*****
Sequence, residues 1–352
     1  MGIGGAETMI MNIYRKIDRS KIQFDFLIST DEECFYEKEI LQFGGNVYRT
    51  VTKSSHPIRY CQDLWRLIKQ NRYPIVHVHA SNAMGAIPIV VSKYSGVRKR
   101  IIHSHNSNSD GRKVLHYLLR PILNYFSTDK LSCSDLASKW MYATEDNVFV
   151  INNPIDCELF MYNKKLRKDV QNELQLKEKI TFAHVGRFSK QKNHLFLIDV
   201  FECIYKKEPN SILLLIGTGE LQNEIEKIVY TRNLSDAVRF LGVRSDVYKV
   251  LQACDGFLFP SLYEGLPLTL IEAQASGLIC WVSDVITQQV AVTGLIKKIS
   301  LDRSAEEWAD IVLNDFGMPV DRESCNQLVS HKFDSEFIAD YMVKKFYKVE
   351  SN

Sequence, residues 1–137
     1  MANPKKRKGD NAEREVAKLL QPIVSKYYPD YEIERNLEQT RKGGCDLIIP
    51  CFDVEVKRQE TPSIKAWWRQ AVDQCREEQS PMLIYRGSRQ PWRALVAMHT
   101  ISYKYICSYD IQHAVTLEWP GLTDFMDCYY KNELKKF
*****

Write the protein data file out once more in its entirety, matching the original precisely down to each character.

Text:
Sequence, residues 1–352
     1  MGIGGAETMI MNIYRKIDRS KIQFDFLIST DEECFYEKEI LQFGGNVYRT
    51  VTKSSHPIRY CQDLWRLIKQ NRYPIVHVHA SNAMGAIPIV VSKYSGVRKR
   101  IIHSHNSNSD GRKVLHYLLR PILNYFSTDK LSCSDLASKW MYATEDNVFV
   151  INNPIDCELF MYNKKLRKDV QNELQLKEKI TFAHVGRFSK QKNHLFLIDV
   201  FECIYKKEPN SILLLIGTGE LQNEIEKIVY TRNLSDAVRF LGVRSDVYKV
   251  LQACDGFLFP SLYEGLPLTL IEAQASGLIC WVSDVITQQV AVTGLIKKIS
   301  LDRSAEEWAD IVLNDFGMPV DRESCNQLVS HKFDSEFIAD YMVKKFYKVE
   351  SN

Sequence, residues 1–137
     1  MANPKKRKGD NAEREVAKLL QPIVSKYYPD YEIERNLEQT RKGGCDLIIP
    51  CFDVEVKRQE TPSIKAWWRQ AVDQCREEQS PMLIYRGSRQ PWRALVAMHT
   101  ISYKYICSYD IQHAVTLEWP GLTDFMDCYY KNELKKF